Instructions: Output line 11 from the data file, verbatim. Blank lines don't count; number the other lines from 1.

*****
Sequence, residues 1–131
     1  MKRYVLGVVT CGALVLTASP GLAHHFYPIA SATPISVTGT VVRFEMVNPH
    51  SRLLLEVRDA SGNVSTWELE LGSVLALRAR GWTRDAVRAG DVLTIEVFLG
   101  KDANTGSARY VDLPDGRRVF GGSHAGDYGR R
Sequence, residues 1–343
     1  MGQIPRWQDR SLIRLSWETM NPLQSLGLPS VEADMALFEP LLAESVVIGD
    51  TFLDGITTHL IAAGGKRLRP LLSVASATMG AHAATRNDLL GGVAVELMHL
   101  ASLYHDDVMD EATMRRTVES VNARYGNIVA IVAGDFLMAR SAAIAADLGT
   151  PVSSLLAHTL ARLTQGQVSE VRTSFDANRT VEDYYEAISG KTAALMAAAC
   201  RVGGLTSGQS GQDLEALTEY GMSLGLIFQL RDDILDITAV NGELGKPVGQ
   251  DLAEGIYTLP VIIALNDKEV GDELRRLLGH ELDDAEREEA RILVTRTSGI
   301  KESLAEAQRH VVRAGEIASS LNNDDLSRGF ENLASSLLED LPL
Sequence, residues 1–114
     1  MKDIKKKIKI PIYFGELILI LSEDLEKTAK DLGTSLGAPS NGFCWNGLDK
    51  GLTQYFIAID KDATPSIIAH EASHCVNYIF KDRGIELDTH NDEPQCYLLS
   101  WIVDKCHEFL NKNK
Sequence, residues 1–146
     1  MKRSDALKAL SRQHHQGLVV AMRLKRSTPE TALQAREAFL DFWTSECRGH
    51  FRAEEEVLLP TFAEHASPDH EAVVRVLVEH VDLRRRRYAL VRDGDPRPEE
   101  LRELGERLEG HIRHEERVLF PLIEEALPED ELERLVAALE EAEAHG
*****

   251  DLAEGIYTLP VIIALNDKEV GDELRRLLGH ELDDAEREEA RILVTRTSGI